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The Navier Stokes equation is one of the most important topics that we come across in fluid mechanics. The Navier stokes equation in fluid mechanics describes the dynamic motion of incompressible fluids. Finding the solution of the Navier stokes equation was really challenging because the motion of fluids is highly unpredictable. This equation can predict the motion of every fluid like it might be the motion of water while pouring into a container, motion of smoke of match, etc.

Leonard Euler first derived an equation of motion for incompressible and frictionless fluids in the 18th century, later in the early 1800s Claude- Louis Navier came up with a correction to the Euler equation by including the viscosity term. In the 19th century, sir Gabriel George Stoke worked on these equations and finally concluded with a set of equations that will describe the motion of fluid available in the world.

The main concepts involved in deriving Navier stokes equations was Newton’s second law of motion, conservation of mass, conservation of momentum. The Navier stokes equation represents the conservation of momentum.

So, Euler gave the equation of motion for incompressible and frictionless fluids as:

This equation could not explain the fluid dynamics of incompressible viscous fluids, thus Navier- stokes equation was derived with major correction by introducing viscosity term in the Euler equation:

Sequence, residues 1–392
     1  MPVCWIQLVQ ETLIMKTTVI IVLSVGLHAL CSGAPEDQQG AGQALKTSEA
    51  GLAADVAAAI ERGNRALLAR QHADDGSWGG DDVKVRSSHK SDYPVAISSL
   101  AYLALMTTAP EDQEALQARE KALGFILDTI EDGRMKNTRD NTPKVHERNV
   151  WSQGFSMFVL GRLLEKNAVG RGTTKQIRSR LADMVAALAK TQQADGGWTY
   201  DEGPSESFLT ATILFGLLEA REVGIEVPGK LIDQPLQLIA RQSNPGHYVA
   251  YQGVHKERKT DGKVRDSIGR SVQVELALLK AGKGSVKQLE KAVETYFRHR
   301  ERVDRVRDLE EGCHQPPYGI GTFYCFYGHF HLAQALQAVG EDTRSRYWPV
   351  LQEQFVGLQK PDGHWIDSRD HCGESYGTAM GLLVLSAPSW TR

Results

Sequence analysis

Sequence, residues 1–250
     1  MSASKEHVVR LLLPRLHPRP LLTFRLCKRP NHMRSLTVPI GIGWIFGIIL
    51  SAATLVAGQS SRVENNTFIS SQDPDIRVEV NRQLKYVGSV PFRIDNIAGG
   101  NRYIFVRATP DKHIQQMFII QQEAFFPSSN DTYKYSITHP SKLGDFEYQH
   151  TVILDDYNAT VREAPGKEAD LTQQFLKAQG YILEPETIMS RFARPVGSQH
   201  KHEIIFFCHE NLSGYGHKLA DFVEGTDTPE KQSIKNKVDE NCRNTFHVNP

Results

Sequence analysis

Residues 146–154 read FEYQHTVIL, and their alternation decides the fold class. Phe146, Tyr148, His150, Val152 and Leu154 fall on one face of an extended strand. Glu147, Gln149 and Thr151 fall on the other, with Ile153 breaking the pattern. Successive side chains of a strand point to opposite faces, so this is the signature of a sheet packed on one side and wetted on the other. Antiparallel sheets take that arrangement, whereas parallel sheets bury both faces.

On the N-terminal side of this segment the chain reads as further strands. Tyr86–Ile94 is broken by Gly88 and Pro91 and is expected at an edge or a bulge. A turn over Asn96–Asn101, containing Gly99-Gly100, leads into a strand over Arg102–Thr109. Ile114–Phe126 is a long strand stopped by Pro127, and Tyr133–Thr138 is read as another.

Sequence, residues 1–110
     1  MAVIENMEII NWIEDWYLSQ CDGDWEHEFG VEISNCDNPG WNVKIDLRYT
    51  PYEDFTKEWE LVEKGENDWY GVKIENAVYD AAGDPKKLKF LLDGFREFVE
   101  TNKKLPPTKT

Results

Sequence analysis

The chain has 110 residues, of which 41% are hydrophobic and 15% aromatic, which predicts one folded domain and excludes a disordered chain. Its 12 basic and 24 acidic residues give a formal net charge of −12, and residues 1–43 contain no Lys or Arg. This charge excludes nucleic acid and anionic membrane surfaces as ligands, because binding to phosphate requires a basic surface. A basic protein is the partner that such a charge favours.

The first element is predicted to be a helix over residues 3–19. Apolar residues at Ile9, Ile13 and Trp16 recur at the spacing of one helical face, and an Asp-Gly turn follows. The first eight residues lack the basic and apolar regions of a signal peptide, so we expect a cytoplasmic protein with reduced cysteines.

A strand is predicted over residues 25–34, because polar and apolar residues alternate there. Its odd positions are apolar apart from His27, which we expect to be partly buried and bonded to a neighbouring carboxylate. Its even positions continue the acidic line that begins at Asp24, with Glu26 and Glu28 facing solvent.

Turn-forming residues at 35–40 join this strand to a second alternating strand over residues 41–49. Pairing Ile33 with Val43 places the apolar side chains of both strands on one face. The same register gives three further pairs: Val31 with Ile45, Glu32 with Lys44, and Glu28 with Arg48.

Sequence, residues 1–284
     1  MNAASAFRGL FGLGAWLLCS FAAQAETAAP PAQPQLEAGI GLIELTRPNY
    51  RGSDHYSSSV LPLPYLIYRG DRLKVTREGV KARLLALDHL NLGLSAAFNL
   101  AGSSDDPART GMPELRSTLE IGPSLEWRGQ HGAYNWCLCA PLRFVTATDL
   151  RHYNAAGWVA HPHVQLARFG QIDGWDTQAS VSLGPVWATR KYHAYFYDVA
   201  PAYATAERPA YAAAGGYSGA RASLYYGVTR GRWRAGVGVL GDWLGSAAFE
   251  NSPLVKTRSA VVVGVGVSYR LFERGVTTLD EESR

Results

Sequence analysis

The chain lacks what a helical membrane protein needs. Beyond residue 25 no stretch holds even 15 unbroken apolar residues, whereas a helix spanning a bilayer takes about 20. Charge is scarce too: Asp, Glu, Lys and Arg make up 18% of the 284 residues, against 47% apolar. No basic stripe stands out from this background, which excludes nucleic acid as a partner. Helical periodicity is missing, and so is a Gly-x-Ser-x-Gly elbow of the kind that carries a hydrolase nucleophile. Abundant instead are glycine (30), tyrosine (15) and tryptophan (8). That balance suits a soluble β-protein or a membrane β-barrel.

Where u is the velocity of the liquid, is the density of equation, v is the kinematic viscosity and P is the pressure. The equation can be written by using either cartesian coordinates or cylindrical coordinates.

Navier Stokes in cylindrical coordinates is as given below, it is considered to be one of the most tedious equations to solve.

\[\frac{1}{r}\] \[\frac{\partial (ru_{r})}{\partial r}\] + \[\frac{1}{r}\] \[\frac{\partial (u_{\theta})}{\partial \theta}\] + \[\frac{\partial u_{z}}{\partial z}\] = 0 eq a)

r - component

\[\rho\] [\[\frac{\partial u_{r}}{\partial t}\] + u\[_{r}\] \[\frac{\partial u_{r}}{\partial r}\] + \[\frac{u_{\theta }}{r}\] [\[\frac{\partial u_{r}}{\partial\theta}\] - \[\frac{u_{\theta }^{2}}{r}\] + u\[_{z}\] [\[\frac{\partial u_{r}}{\partial z}\]]

= - \[\frac{\partial P}{\partial r}\] + \[\rho\]g\[_{r}\] + μ[\[\frac{1}{r}\] [\[\frac{\partial }{\partial r}\][r[\[\frac{\partial u_{r}}{\partial r}\]] - \[\frac{u_{r}}{r^{2}}\] + [\[\frac{1}{r^{2}}\] [\[\frac{\partial ^{2} u_{r}}{\partial \theta^{2}}\] - [\[\frac{2}{r^{2}}\] [\[\frac{\partial u_{\theta}}{\partial \theta}\] + [\[\frac{\partial^{2} u_{r}}{\partial z^{2}}\]] eq b)

\[\theta\] - component:

\[\rho\] [\[\frac{\partial u_{\theta}}{\partial t}\] + u\[_{r}\] \[\frac{\partial u_{\theta}}{\partial r}\] + \[\frac{u_{\theta }}{r}\] [\[\frac{\partial u_{\theta}}{\partial\theta}\] - \[\frac{u_{r}u_{\theta}}{r}\] + u\[_{z}\] [\[\frac{\partial u_{\theta}}{\partial z}\]]

= - \[\frac{1}{r}\] \[\frac{\partial P}{\partial \theta}\] + \[\rho\]g\[_{\theta}\] + μ[\[\frac{1}{r}\] [\[\frac{\partial }{\partial r}\][r[\[\frac{\partial u_{\theta}}{\partial r}\]] - \[\frac{u_{\theta}}{r^{2}}\] + [\[\frac{1}{r^{2}}\] [\[\frac{\partial ^{2} u_{\theta}}{\partial \theta^{2}}\] + [\[\frac{2}{r^{2}}\] [\[\frac{\partial u_{r}}{\partial \theta}\] + [\[\frac{\partial^{2} u_{\theta}}{\partial z^{2}}\]] eq c)